Christina Lake (Alberta)

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Christina Lake
Location Wood Buffalo, Alberta
Coordinates 55°37′21″N 110°52′42″W / 55.62250°N 110.87833°W / 55.62250; -110.87833 (Christina Lake)Coordinates: 55°37′21″N 110°52′42″W / 55.62250°N 110.87833°W / 55.62250; -110.87833 (Christina Lake)
Primary inflows Sunday Creek, Birch Creek
Primary outflows Jackfish River
Catchment area 1,250 square kilometres (480 sq mi)
Basin countries Canada
Max. length 18 km (11 mi)
Max. width 2 km (1.2 mi)
Surface area 21.3 km2 (8.2 sq mi)
Average depth 17.3 m (57 ft)
Max. depth 32.9 m (108 ft)
Surface elevation 556 m (1,824 ft)
References [1]

Christina Lake (54°40'N 111°00'W) is an elongated lake in northern Alberta, Canada, located east of Conklin, between Lac La Biche and Fort McMurray, near Highway 881. Christina Lake and the Christina River are named to honour Christine Gordon, originally from Scotland, who was the first white woman to live permanently in the Fort McMurray area.[1][2][3][4]

Water and Watershed[edit]

The lake lies at an elevation of 556 m (1,824 ft) and has a total area of 21.3 km2 (8.2 sq mi). It has a mean depth of 17.3 m (57 ft) and reaches a maximum depth of 32.9 m (108 ft).[1] It is drained by the Jackfish River at its western end; the Jackfish River flows 11 kilometres (6.8 mi) before it empties into the Christina River, a tributary of the Clearwater River. Christina Lake has a drainage area of 1,250 square kilometres (480 sq mi). The Lake has 6 permanent inlets and 1 permanent outlet, the Jackfish River.

Lake History[edit]

Christina Lake and the Christina River were named to honour Christine Gordon, the first white woman to live permanently in the Fort McMurray area where she remained until she died in the 1940s. She was highly respected by the community, including the First Nations and Metis.[5] Gordon, partly from knowledge gleaned from a Scottish home nursing book, made her own treatments for illnesses and injuries. She could "splint a broken arm, lower a fever, and mix herbal remedies." By 1914 she owned and operated a post in Fort McMurray, in competition with the Hudson's Bay Company.[1][2][3][4]

The hamlet of Conklin was originally situated on the extreme northwestern end of Christina Lake, adjacent to the outlet to the Jackfish River. When the Northern Alberta Railways reached there in 1921, Conklin was relocated alongside the railway tracks.[5] Christina Lake was an important centre for the local fur trade from 1940 to 1960. Mink pelts from several mink farms in the area were transferred by canoe and dogsled to the railway siding.[5]

From 1940 to 1960 there was heavy commercial fishing in Christina Lake with a fish processing plant at the outlet to the Jackfish River.[5]

Forest Fires[edit]

The Lac la Biche Forest that surrounds some of Christina Lake experiences a higher-than-average number of lightning storms.[5]

Resource Management[edit]

Timber[edit]

There are small stands of conifers, mixed wood and pure aspen but most of the timber is not merchantable.[5]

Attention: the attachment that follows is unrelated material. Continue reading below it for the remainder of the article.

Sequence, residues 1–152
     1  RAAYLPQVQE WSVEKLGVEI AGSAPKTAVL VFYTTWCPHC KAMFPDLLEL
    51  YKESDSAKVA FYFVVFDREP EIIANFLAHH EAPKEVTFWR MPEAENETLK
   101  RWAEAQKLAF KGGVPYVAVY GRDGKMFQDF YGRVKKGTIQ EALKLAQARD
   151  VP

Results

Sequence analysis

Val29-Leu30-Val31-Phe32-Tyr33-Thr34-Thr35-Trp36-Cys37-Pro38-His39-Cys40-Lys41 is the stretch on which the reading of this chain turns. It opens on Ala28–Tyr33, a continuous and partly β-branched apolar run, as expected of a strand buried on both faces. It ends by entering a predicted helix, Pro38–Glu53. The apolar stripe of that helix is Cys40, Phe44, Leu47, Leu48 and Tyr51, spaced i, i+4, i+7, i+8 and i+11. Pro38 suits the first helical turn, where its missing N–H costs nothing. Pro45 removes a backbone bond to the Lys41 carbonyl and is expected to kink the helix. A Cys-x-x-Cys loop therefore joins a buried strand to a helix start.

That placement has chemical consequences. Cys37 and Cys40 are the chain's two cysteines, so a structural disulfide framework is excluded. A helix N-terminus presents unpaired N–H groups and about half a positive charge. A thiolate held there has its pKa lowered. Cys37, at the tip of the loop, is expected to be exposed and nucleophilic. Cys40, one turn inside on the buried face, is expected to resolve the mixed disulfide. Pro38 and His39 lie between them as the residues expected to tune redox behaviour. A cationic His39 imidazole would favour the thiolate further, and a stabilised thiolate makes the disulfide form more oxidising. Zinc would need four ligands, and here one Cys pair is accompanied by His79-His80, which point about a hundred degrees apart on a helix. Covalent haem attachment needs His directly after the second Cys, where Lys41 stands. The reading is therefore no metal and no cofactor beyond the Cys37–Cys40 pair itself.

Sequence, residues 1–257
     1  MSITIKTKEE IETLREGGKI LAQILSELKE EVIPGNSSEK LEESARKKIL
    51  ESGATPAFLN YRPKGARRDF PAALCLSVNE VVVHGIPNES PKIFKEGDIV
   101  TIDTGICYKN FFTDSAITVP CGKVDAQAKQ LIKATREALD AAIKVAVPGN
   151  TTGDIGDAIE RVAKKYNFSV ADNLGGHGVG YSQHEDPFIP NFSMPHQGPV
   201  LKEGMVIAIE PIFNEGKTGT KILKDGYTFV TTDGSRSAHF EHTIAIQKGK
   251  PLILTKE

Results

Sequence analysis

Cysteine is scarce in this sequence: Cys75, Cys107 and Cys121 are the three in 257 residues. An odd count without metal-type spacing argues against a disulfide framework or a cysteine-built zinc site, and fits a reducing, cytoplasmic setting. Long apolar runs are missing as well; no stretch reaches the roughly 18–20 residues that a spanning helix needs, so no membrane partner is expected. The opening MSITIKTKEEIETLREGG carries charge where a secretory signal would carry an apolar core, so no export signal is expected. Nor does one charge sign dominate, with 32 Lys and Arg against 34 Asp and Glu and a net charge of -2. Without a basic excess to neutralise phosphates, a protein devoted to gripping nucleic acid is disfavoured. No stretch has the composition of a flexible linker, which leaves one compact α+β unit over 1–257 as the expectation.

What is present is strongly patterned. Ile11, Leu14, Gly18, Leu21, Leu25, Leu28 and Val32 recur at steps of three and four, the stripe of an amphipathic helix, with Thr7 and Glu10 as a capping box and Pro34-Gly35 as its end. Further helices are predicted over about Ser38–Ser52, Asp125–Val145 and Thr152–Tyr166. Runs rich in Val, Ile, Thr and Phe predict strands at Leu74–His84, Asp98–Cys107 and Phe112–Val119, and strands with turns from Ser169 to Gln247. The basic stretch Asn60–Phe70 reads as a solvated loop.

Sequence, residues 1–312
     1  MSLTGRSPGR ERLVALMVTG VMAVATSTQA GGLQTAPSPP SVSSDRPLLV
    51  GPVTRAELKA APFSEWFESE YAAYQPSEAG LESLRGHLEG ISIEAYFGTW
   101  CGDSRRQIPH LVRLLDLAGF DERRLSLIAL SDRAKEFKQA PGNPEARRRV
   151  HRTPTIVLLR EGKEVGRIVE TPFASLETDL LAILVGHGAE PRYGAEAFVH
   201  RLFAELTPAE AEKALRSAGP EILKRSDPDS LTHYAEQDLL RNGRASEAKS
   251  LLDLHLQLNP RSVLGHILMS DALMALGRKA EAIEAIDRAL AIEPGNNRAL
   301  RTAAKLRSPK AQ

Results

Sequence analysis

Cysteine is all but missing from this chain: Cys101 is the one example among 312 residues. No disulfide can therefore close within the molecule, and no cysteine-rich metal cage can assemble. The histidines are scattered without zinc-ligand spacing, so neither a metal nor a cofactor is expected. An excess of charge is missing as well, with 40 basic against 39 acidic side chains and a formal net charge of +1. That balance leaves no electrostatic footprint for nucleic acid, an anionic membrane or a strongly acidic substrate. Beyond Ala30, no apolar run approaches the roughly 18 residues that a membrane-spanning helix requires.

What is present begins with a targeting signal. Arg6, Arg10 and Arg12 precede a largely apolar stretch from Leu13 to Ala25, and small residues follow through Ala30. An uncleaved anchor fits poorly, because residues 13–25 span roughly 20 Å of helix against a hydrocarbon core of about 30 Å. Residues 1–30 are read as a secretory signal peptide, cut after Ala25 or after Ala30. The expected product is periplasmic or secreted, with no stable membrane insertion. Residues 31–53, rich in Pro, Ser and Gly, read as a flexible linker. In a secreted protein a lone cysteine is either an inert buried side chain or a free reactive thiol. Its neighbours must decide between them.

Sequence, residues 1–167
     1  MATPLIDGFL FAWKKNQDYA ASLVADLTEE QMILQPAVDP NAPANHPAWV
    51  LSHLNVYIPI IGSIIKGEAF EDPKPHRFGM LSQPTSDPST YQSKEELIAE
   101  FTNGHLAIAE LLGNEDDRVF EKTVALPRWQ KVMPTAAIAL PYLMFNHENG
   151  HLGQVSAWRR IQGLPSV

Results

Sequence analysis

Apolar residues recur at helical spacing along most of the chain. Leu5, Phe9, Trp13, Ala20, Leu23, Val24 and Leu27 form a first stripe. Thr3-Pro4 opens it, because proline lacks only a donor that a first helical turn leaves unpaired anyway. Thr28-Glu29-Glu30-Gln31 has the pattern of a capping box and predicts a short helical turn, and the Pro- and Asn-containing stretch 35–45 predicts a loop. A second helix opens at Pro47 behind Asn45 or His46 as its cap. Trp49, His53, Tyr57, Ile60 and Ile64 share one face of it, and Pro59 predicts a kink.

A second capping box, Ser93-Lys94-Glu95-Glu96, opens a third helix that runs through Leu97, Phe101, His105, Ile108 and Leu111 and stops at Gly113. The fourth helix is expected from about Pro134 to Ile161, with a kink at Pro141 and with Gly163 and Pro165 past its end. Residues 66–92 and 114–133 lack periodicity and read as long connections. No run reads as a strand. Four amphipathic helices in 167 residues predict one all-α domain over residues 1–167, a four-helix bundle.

Mineral Resources[edit]

There are important mineral resources within the Christina Lake area including natural gas which was already being extracted in 1991. The Christina Lake area has oil sands potential and falls within a portion of the Athabasca Oil Sands area.

Cenovus Energy has been operating its Christina Lake project since 2000. It is a steam-assisted gravity drainage (SAGD) project in the Christina Lake area, tapping bitumen from the McMurray Formation.[6] Cenovus considers the Christina Lake project to be "top-tier", one of their "two industry-leading oil sands producing projects" with "huge potential for growth." Located about 120 kilometres south of Fort McMurray, Alberta, they started Christina Lake in 2000. The oil at Christina Lake is located about 375 metres below the surface and requires specialized technology, like steam-assisted gravity drainage (SAGD) to drill and pump it to the surface.[7]

References[edit]

  1. ^ a b c d "Christina Lake". Atlas of Alberta Lakes. Department of Biological Sciences, University of Alberta. 2004–2005. Retrieved 14 June 2013. 
  2. ^ a b Eric J. Holmgren; Patricia M. Holmgren. 2,000 Place-names of Alberta (3 ed.). Saskatoon, Saskatchewan: Western Producer Prairie Books. 
  3. ^ a b "Fort McMurray Before the Hospital". The Catholic Mission: The South of the North Pioneers. Fort McMurray, Alberta: Heritage Park. Retrieved 14 June 2013. 
  4. ^ a b Irwin Huberman (2004). The Place We Call Home: A History of Fort McMurray As Its People Remember. Fort McMurray: Historical Book Society of Fort McMurray. p. 284. ISBN 0968933904. Retrieved 14 June 2013. 
  5. ^ a b c d e f Integrated Resource Plan - Christina Lake Management Plan (PDF) (Report). Land Use Planning. SRD Government of Alberta. 1991. 
  6. ^ "Operations - Oil - Christina Lake". Cenovus Energy. Retrieved 2010-09-06. 
  7. ^ Chris Mayda (8 August 2012). A Regional Geography of the United States and Canada: Toward a Sustainable Future. Rowman & Littlefield Publishers. p. 608.